I am surprised they allow you to burn this stuff.
-- Tekkie
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On 4/19/2012 2:54 AM, snipped-for-privacy@toyotamail.com wrote:

the milwalkee "AX" blades hold up to plaster fairly well. and will go through nails.
--
Steve Barker
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On 4/19/2012 8:25 AM, Steve Barker wrote:

I was on a remodel job where I had to cut through a lot of old plaster and lath walls. The only saw blades and hole saws that would hold up were the carbide tooth variety.
TDD
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snipped-for-privacy@toyotamail.com wrote:

And likely a new sprocket-- maybe a new bar. And make sure that air filter stays on tight as that old plaster dust would score up your cylinders in short order.

and it is quieter-- and a lot easier to handle. a chainsaw might be handy for the odd beam in demolition, but it is the *wrong tool* for what you're doing.

I like 'the axe' for general stuff. But for what you're doing, get a demolition blade set - $25 for 12 blades. (Amazon.com product link shortened) />/
Get 2 for what a chain alone would cost you and don't even think about it when you toss a blade that is dull.
Jim
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wrote:

I agree about the chainsaw needing a new bar and all of that. I should mention this is an electric chain saw. Too much hassle restarting a gas one every few minutes. These electric chainsaws are great for building things like barns, where 6x6 poles need to be cut and stuff like that. A circular saw cant cut deep enough, and gas chainsaws are too heavy when you're up on a ladder 20 feet in the air against a pole. Not to mention having to fart around pulling the cord to start them, when up there. I use my electric chainsaw much more than my gas one. The gas one is only for large tree trucks, or places where there is no electricity.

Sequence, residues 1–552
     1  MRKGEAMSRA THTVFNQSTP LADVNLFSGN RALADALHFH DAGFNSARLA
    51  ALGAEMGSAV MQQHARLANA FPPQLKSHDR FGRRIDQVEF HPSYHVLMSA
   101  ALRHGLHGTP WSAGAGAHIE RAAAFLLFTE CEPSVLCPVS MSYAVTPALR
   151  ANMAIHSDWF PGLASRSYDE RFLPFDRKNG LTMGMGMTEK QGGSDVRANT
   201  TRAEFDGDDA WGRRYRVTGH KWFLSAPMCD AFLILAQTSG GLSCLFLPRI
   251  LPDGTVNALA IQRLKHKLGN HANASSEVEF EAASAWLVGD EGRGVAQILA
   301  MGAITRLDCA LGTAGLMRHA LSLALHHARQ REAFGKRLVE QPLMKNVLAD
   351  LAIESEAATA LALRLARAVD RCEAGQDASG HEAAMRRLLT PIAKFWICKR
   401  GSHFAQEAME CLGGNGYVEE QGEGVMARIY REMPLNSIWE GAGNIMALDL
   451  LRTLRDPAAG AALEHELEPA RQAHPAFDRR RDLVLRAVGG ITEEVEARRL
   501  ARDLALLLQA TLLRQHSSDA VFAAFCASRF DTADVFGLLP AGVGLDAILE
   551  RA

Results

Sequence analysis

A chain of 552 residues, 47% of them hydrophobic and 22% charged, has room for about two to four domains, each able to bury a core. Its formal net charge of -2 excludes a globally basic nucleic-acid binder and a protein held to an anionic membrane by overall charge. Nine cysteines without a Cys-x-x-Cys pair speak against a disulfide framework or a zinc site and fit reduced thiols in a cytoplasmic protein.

Thanks for the blade web-link.
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On 4/20/2012 12:46 AM, snipped-for-privacy@toyotamail.com wrote:

i'm curious as to why you would need to restart the saw every few minutes. I've run mine 8 to 10 hours a day and only restarted it after it ran out of fuel.
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Steve Barker
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-snip-

-snip-
Just guessing, here, but I'll bet you aren't running a gas saw *inside* for 8-10 hours straight.<g>
Jim
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On 4/22/2012 5:29 PM, Jim Elbrecht wrote:

and neither was he. he said it was unsafe to go inside. I have, however, run the gas powered leaf blower inside, but not for hours.
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Steve Barker
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On Thu, 19 Apr 2012 02:54:03 -0500, snipped-for-privacy@toyotamail.com wrote:

Get a "demolition blade". I think there is a good one called a "gator". They'll cut lath, spikes, and anything that gets in the way. Don't use it on a cheap 6 amp saw though - the blade will outlast the saw.